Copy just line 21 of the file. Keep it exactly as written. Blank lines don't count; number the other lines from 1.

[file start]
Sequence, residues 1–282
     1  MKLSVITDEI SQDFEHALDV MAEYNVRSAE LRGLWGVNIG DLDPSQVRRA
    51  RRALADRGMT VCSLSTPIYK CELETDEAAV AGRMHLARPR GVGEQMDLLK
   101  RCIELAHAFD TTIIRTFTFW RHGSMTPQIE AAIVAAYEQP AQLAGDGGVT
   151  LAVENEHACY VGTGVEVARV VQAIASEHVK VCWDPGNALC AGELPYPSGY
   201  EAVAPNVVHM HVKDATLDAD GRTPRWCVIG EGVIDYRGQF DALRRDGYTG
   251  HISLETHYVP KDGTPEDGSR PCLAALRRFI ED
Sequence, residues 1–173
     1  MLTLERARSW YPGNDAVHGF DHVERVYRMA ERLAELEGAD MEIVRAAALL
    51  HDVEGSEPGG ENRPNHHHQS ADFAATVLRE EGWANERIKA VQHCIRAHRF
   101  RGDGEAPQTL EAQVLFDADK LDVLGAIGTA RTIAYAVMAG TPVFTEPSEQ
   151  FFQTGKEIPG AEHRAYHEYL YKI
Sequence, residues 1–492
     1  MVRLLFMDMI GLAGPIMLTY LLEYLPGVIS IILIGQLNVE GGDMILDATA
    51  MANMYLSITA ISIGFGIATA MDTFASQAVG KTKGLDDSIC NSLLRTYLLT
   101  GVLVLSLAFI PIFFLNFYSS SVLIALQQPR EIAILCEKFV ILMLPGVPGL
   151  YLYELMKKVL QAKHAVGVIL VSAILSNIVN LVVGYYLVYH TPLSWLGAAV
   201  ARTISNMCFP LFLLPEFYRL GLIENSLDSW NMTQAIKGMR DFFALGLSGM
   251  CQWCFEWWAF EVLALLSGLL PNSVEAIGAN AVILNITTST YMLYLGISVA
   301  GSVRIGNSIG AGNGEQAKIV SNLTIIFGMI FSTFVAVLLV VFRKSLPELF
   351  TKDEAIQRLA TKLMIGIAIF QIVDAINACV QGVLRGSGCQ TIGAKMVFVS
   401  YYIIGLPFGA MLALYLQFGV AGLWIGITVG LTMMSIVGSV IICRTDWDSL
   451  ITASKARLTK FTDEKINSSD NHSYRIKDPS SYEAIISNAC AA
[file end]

   351  TKDEAIQRLA TKLMIGIAIF QIVDAINACV QGVLRGSGCQ TIGAKMVFVS